Hultine, KR, Bush, SE, and Ehleringer JR. (2010). Ecophysiology of riparian cottonwood and willow before, during and after two years of groundwater removal. Ecological Applications 20: 347-361. Download Paper

Hultine KR, Jackson TL, Burtch KG, Schaeffer SM, and Ehleringer JR (2008). Elevated stream inorganic nitrogen impacts on a dominant riparian tree species: results from an experimental riparian stream system. JGR Biogeosciences 113, G04025, DOI:10.1029/2008JG000809. Download Paper

Bush SE, Pataki DE, Hultine KR, West AG, Sperry JS and Ehleringer JR (2007) Wood anatomy constrains stomatal responses to atmospheric vapor pressure deficit in irrigated, urban trees. Oecologia 156, 13-20. Download Paper

Hultine KR, Bush SE, West AG and Ehleringer JR (2007) Population structure, physiology and ecohydrological impacts of dioecious riparian tree species of western North America. Oecologia 154, 85-93. Download Paper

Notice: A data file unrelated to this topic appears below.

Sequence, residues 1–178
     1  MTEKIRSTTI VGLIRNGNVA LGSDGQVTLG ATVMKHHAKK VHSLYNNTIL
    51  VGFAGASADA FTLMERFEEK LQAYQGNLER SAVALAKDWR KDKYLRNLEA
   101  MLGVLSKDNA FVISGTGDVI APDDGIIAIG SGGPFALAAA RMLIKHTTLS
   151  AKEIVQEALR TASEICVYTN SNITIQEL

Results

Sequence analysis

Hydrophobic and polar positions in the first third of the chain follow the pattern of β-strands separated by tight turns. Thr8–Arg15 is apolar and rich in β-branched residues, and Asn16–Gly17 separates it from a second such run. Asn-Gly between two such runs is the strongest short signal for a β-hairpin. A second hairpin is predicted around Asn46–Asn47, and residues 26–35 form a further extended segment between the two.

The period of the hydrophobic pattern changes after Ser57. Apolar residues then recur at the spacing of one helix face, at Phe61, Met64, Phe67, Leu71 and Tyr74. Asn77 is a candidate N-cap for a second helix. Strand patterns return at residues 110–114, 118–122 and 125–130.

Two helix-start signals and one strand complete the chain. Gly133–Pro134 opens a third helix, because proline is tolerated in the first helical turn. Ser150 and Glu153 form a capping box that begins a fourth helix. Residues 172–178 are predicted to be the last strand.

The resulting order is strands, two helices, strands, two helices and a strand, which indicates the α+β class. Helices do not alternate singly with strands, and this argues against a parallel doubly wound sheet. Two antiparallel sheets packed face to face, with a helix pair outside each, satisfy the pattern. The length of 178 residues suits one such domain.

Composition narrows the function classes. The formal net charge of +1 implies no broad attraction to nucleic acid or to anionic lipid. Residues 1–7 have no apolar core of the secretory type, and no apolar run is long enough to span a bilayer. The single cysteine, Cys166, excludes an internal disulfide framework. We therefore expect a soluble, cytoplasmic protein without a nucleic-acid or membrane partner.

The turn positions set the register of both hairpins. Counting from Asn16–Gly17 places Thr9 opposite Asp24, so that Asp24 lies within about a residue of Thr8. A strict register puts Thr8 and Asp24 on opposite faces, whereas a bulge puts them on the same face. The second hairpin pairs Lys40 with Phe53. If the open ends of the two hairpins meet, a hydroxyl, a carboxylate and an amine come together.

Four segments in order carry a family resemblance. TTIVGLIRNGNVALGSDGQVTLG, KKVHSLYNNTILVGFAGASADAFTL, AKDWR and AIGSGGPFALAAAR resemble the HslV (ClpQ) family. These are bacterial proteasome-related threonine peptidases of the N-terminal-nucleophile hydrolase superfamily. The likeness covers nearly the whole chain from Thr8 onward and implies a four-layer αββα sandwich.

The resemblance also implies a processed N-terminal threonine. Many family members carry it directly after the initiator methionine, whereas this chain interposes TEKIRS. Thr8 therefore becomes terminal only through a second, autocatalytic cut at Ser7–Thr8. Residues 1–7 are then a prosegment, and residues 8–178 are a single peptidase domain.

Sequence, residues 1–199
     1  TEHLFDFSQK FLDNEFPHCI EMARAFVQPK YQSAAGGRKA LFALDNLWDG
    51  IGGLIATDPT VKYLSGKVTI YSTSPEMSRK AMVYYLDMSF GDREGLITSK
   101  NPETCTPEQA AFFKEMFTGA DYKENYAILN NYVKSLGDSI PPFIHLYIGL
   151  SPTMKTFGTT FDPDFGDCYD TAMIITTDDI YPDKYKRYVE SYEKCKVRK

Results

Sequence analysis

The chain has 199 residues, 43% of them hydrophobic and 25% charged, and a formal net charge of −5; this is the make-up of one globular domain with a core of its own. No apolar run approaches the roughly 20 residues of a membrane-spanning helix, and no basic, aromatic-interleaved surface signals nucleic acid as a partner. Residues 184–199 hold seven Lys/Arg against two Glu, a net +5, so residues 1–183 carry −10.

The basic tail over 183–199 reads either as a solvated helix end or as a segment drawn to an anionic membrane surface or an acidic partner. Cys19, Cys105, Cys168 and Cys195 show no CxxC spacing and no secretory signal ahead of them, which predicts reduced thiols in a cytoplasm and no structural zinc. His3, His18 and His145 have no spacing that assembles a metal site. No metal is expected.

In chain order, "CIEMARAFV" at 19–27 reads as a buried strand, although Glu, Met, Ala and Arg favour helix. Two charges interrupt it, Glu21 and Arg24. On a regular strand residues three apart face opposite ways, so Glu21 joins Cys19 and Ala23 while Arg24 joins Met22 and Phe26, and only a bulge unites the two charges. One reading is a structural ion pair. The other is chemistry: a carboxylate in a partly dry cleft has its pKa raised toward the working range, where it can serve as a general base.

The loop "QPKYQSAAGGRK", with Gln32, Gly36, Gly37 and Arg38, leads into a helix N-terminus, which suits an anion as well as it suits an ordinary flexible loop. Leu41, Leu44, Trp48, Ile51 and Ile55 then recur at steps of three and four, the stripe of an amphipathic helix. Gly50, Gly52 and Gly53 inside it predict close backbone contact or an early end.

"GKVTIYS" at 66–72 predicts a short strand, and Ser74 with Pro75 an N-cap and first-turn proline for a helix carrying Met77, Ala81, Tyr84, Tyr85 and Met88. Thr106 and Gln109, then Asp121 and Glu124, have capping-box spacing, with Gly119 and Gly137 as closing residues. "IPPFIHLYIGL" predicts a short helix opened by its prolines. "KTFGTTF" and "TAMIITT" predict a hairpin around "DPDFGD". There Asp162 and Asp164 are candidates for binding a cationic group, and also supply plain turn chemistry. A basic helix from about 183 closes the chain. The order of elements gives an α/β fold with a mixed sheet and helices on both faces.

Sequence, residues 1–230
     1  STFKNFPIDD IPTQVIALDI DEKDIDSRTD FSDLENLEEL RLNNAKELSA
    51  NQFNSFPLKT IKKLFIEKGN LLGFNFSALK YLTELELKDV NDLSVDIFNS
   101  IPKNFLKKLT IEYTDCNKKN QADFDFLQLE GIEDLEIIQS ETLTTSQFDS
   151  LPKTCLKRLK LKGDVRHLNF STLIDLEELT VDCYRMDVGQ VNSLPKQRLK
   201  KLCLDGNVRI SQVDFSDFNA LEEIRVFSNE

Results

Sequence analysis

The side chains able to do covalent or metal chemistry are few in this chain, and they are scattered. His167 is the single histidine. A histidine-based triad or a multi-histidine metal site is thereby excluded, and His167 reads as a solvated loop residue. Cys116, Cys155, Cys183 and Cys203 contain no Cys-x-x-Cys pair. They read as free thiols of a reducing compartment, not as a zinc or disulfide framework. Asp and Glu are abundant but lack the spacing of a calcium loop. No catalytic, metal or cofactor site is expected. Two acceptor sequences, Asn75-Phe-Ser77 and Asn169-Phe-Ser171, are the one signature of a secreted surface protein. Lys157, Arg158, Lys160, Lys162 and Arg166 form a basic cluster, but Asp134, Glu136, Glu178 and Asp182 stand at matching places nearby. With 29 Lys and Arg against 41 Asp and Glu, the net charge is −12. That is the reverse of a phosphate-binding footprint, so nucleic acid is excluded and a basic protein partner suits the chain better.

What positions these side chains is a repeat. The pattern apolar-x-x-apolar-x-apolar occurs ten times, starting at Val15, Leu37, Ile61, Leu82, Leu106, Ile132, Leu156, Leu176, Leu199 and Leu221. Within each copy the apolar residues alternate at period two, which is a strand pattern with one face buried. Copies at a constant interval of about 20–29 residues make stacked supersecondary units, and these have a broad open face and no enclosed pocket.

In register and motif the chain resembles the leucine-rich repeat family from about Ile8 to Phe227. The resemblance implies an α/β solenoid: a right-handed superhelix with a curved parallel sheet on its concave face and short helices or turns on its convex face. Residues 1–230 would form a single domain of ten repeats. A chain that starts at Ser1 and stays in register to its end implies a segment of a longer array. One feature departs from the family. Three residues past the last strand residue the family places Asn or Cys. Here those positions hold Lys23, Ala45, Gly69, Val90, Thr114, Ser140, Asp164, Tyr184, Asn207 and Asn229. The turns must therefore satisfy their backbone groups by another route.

West AG, Hultine KR, Jackson TL and Ehleringer JR (2007) Contrasting hydraulic strategies explain differential summer moisture use of Pinus edulis and Juniperus osteosperma. Tree Physiology 27, 1711-1720). Download Paper

Hultine KR, Koepke DF, Pockman WT, Fravolini A, Sperry JS, and Williams DG (2006) Influence of soil texture on hydraulic properties and water relations of a dominant warm-desert phreatophyte. Tree Physiology 26, 313-323. Download Paper

Fravolini A, Hultine KR, Brugnoli E, Gazal R, English N, and Williams DG (2005) Precipitation pulse use by an invasive woody legume: the role of soil texture and pulse size. Oecologia 144, 618-627. Download Paper

Huxman TE, Wilcox BP, Scott RL, Snyder KA, Breshears D, Small EE, Hultine KR, Pockman WT and Jackson RB (2005) Woody plant encroachment and the water cycle: an ecohydrological framework. Ecology 86, 308-319. Download Paper

Hultine KR, Scott RL, Cable WL and Williams DG (2004) Hydraulic redistribution by a dominant, warm-desert phreatophyte: seasonal patterns and response to precipitation pulses. Functional Ecology 18, 530-538. Download Paper

Hultine KR and Marshall JD (2000) Altitude trends in conifer leaf morphology and stable carbon isotope composition. Oecologia 123, 32-40. Download Paper